HOA’s Should Adopt a Board Code of Ethics
While it’s certainly not mandatory, the board of directors for your homeowner’s association (HOA) should think seriously about implementing a code of ethics, which would serve to aid in the management of the HOA, as well as help community members.
What exactly is a code of ethics for an HOA board? Basically, it’s a document that establishes guidelines for appropriate behavior of board members.
An HOA code of ethics is designed to help director’s exercise good judgment in the best possible way. This document can benefit the community as a whole.
A code of ethics should encourage board members to:
- Have the best interests of the association as a whole at heart, regardless of personal interests
- Be united with other members once decisions are made
- Use good judgment to make the best possible business decisions for the association, taking into consideration all aspects of the situation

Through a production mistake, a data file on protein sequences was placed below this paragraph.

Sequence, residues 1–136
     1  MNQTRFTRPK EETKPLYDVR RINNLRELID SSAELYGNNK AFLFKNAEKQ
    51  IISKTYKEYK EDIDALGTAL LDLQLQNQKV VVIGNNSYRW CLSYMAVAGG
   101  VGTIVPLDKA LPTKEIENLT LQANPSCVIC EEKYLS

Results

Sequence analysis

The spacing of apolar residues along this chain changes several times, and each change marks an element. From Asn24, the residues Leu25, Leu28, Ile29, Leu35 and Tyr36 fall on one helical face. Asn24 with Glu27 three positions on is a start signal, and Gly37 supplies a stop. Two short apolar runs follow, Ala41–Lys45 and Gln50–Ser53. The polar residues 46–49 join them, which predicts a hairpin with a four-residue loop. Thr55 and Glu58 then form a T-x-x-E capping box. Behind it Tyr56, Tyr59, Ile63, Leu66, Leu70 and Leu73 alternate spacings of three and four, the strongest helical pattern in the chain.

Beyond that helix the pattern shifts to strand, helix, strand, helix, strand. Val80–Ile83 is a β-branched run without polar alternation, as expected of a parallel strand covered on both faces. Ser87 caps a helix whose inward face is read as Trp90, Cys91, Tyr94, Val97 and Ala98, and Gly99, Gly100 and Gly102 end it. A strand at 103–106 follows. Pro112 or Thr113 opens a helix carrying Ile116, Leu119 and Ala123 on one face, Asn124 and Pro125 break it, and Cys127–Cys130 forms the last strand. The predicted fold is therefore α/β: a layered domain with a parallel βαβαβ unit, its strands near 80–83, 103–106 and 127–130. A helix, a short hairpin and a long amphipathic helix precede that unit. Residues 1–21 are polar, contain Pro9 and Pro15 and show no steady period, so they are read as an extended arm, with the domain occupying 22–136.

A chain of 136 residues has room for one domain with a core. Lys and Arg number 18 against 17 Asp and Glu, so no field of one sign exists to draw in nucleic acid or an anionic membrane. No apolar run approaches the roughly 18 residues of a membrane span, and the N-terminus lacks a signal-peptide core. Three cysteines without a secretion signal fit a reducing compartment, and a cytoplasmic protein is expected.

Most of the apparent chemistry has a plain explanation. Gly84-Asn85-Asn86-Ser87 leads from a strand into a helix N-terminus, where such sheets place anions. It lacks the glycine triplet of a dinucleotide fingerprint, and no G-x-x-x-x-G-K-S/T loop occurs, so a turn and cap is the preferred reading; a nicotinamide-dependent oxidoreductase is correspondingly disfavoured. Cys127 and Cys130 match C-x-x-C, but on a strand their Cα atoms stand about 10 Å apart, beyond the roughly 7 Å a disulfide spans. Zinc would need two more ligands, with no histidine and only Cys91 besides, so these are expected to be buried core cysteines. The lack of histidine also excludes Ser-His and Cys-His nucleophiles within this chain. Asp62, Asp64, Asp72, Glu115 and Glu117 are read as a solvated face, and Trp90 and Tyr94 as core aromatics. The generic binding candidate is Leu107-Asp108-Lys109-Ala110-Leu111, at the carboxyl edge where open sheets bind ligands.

- Act within the boundaries of their authority as defined by law and the governing documents of the association
- Conduct open, fair, publicized elections
- Allow residents to comment on decisions
- Perform their duties without bias
- Disclose personal or professional relationships with any company or individual who has or is seeking to have a business relationship with the association.
A code of ethics should discourage board members from:
- Misrepresent the facts in any issue involving HOA business
- Reveal confidential information or personal information about any association owner, resident or employee.
- Make unauthorized promises to contractors/bidders
- Support or lobby for any action or activity that violates a law or regulatory requirement
- Accept any gifts—directly or indirectly—from owners, residents, contractors or suppliers.
- Use their positions for personal gain or to seek an advantage over another owner or non-owner resident
- Reveal to any owner, resident or other third party the discussions, decisions and comments made at any meeting of the board properly closed or held in executive session
- Spend unauthorized association funds for their own personal use or benefit
- Launch personal attacks on board colleagues, staff or residents.
- Harass or threaten any board member, owner, resident, employee or contractor